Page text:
Chinese Crypto Mega-Exchange Registers with FinCEN in USADate Written: March 28 2018 Written By: Samantha Joule Fow
China-based cryptocurrency exchange Huobi was forced to take a quick pivot after cryptocurrency was banned on the nation’s mainland, and now it’s attempting to take America by storm. Last week, Huobi registered with the Financial Crimes Enforcement Network (“FinCEN”) as a money services business. Although several more regulatory approvals are in line before the exchange can achieve a fully-compliant U.S. launch, this is a critical next-step in Huobi’s plan to capture some of America’s crypto market.
Huobi’s Plan for Global Domination
If America’s prohibition era taught us anything, it’s that a total government ban for a highly sought-after product will only make people want it more. And, thus, it will make those who trade in the newly illicit wares more and more creative in finding ways to serve the public need. For this reason – and of course many others – a nation that is working hard to stamp out cryptocurrency is giving rise to the private enterprises that dominate it.
Since the cryptocurrency revolution took hold of the mainstream conscious in 2017, every nation with a developed financial regulatory regime has been forced to address it. In the United States, the approach has been conscientious. FinCEN, the Internal Revenue Service, the Securities and Exchange Commission, the Commodity Futures Trading Commission, and others have issued clear guidance that reflect policy approaches aimed at curbing fraud and abuse while encouraging innovation. Other nations, however, have taken different approaches. China, for example, is working towards an outright ban.
The Chinese government is trying to gaslight it’s domestic cryptocurrency industry by engaging in systematic banning and censorship of nearly all virtual currency activity. In fact, rumors are circulating about the “Great Firewall,” a virtual blockade against cryptocurrencies analogous to the physical one China erected to fend off the Mongols. But, much like the Mongols who ended up busting through the original Great Wall and ruling mainland China for nearly a century, Chinese virtual currency enterprises are finding plenty of ways around their unfriendly cryptocurrency national policy.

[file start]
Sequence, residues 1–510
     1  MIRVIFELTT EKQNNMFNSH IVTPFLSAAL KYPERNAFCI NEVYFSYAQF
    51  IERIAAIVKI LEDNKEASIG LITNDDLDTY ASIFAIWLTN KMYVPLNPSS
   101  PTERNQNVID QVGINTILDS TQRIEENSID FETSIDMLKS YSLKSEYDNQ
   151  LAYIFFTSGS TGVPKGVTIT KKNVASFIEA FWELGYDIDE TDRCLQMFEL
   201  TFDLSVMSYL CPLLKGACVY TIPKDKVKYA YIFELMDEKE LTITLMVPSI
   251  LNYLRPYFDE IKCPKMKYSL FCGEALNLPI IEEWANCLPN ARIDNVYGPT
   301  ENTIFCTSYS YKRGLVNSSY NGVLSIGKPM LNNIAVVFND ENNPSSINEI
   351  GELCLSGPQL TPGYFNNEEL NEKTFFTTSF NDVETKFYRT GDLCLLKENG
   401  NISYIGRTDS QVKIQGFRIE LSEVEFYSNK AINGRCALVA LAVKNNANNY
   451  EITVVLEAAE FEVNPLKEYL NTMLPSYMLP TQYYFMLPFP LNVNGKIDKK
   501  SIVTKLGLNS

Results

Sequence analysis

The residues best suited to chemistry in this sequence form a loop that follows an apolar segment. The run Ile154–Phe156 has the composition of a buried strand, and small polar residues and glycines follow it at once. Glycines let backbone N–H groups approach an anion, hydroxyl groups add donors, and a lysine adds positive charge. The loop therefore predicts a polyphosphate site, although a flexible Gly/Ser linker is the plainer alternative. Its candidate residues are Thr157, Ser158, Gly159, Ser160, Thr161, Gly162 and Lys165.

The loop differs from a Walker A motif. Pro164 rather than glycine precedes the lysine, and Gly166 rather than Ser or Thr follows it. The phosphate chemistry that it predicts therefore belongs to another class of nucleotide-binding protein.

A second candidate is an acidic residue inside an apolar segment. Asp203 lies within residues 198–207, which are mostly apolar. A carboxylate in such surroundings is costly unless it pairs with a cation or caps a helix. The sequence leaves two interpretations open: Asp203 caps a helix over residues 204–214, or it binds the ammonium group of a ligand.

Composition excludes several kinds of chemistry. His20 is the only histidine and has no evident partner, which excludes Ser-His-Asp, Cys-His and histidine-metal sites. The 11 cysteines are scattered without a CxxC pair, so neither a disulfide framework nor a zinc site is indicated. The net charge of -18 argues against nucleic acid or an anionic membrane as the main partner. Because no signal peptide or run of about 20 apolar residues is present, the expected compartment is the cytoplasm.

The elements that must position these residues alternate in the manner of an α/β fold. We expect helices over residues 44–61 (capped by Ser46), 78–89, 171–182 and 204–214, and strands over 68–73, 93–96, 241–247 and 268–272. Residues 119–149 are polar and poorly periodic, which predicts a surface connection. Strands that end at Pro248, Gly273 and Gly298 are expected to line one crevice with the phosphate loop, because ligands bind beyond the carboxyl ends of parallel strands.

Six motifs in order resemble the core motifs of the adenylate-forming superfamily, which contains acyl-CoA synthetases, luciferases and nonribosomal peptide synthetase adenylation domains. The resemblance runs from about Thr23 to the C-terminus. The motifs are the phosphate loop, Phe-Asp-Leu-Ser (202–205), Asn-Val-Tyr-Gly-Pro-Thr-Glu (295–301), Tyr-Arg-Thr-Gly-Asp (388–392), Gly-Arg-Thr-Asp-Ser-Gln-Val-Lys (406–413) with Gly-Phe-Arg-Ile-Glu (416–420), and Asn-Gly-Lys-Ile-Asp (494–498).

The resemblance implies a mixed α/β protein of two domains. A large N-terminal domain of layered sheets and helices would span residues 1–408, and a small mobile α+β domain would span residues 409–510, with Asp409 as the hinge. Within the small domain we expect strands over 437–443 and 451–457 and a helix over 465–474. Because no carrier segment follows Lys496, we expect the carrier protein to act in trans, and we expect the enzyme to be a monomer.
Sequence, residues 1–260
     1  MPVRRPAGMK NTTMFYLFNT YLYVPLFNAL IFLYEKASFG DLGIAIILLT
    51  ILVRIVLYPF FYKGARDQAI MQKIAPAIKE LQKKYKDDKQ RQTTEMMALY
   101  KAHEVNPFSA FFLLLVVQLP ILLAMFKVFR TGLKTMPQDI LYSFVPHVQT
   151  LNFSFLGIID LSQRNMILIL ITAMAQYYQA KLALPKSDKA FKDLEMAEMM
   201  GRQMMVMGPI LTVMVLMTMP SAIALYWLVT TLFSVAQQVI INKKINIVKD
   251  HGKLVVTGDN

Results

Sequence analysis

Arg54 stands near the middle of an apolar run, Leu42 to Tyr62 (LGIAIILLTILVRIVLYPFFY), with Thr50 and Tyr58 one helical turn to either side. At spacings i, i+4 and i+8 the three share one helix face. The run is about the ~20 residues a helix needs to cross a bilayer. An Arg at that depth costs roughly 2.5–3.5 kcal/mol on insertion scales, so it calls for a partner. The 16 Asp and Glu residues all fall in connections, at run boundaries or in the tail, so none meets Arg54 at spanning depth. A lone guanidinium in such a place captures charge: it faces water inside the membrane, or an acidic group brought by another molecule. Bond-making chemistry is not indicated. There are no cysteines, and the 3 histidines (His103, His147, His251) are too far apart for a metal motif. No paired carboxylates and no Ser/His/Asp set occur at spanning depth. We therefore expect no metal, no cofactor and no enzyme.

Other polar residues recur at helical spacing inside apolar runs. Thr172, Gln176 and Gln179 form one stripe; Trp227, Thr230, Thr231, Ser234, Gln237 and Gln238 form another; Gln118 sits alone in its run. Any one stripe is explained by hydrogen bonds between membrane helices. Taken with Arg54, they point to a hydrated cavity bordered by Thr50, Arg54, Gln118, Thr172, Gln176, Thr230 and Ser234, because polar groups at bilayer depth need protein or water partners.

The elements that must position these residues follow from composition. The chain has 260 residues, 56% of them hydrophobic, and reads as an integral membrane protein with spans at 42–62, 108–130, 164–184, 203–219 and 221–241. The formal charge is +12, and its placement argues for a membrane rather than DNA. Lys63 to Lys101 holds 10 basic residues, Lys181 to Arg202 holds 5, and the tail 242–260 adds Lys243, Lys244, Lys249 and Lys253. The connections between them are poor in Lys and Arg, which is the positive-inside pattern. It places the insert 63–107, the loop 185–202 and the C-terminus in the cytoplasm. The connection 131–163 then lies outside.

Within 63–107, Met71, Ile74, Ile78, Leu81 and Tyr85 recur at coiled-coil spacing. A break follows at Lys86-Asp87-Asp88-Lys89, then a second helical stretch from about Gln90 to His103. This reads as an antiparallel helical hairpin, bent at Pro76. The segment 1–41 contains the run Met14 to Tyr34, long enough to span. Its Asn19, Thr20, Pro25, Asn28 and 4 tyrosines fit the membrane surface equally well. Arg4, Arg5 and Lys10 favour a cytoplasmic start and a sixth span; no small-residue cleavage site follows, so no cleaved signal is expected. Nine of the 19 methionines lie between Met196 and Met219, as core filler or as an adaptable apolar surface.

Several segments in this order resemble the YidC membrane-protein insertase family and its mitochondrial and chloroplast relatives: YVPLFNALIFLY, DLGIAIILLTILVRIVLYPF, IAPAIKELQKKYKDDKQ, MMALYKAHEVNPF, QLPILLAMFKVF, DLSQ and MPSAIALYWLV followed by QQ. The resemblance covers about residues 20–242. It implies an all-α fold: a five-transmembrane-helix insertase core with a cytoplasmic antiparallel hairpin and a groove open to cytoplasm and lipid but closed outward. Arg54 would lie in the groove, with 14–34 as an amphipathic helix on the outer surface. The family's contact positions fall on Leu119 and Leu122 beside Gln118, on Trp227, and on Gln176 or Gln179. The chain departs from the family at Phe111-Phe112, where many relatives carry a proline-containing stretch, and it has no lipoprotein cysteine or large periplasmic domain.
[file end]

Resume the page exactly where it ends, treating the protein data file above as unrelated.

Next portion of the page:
Huobi is a digital currency exchange that was founded in China in 2013. In response to the government ban, Huobi no longer accepts Yuan-based trading. However, the exchange has successfully launched its own tokens (an act which is also banned in mainland China), and is now looking to expand into new markets across Asia and the West.
Recently, the exchange launched its “Global Elites” program specifically targeted at regional leaders in several international cryptocurrency markets. And now, Huobi has received its first round of regulatory approvals to operate within the U.S..
Huobi Marks Regulatory Milestone
Apparently bearish on China, Huobi is working towards developing its global market. Just this year, the exchange moved in on South Korea and Japan. It has also set up a new U.S. headquarters in San Francisco, which is set to be the new hub for its American operations.
Huobi is launching an exchange for cryptocurrency-only trades, which will most likely be managed separately from the company’s existing platform. While relatively limited, these early successes in U.S. markets represent a major achievement in Huobi’s global growth plan. However, it’s not out of the woods yet.
What’s Next for Huobi?
Huobi has tested America’s regulatory waters, and it has elected to take the safe approach and secure permits before beginning operations in financial gray areas. However, the company has yet to delve into the depths of our democracy’s bureaucratic waters – and they sure run deep. For example, money services businesses are not only licensed by FinCEN, they are also regulated independently by each state.
Coinbase, the most prominent and fully-compliant cryptocurrency exchange in the United States, reportedly spent $2 million to secure state-issued money transmission licenses. This process took years, and Coinbase was only able to successfully nail down licensing in about half of the U.S states.
Huobi is ambitious and smart, but it’s trying to move in on an extremely competitive global marketplace. To boot, they are working towards full compliance in a regulatory environment that has yet to be fully developed. Regardless, Huobi’s westward movement is a fascinating development in the global cryptocurrency markets. No doubt, several of us in the cryptocurrency community will be watching what it does next.